Abstract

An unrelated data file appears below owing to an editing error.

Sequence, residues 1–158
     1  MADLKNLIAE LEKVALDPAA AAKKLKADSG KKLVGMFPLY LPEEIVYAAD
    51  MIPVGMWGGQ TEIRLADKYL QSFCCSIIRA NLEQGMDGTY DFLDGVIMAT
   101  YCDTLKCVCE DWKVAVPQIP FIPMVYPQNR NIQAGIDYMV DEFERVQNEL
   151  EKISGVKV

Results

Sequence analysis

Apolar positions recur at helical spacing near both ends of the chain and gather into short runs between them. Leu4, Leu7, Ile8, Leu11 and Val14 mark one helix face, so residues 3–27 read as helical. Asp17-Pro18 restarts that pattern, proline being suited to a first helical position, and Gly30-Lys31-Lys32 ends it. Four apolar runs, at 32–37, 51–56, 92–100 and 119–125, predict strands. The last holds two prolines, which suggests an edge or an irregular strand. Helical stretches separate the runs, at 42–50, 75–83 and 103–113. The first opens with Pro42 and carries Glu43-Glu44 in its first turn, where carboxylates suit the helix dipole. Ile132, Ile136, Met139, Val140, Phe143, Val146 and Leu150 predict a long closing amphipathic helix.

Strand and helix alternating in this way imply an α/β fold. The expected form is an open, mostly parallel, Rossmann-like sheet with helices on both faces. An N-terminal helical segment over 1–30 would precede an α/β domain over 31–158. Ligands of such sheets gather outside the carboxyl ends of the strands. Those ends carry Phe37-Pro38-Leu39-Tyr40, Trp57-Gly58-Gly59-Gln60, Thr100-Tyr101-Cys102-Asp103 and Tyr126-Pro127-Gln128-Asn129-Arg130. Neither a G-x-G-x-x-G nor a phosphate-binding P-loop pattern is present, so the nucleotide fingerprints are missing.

We present a suite of 36 high-temperature (900–1100 °C) experiments performed on 10 × 10 mm unjacketed cores of rhyolitic obsidian from Hrafntinnuhryggur, Krafla, Iceland, under atmospheric pressure. The obsidian is bubble- and crystal-free with an H2O content of 0.11(4) wt%. The obsidian cores were heated above the glass transition temperature (Tg), held for 0.25–24 h, then quenched. During each experiment the volume of the samples increased as H2O vapor-filled bubbles nucleated and expanded. Uniquely, the bubbles did not nucleate on the surface of the core, nor escape, conserving mass during all experiments. Within each isothermal experimental suite, the cores increased in volume with time until they reached a maximum, after which continued heating caused no change in volume (measured by He-pycnometry). We interpret these T-t conditions as representing thermochemical equilibrium between the melt and exsolved vapor. These experiments are modeled to recover the 1-atm, temperature-dependent solubility of water in the rhyolite melt. Our results define the magnitude of retrograde solubility (−7.1 × 10−3 wt% H2O per 100 °C) and provide estimates of the enthalpy and entropy of the H2O exsolution reaction [ΔH° = 17.8 kJ/mol, ΔS° = 107 J/(K·mol)]. We conclude by modeling the implications of retrograde solubility for the glass transition temperatures (Tg) of cooling volcanic systems at pressures relevant to volcanic conduits and the Earth’s surface. All volcanic systems cool; the effects of retrograde solubility are to allow melts to rehydrate by H2O dissolution as they cool isobarically, thereby depressing Tg and expanding the melt window. Ultimately, the melt is quenched at higher H2O contents and lower temperatures where the isobaric retrograde solubility curve “catches” the evolving Tg.

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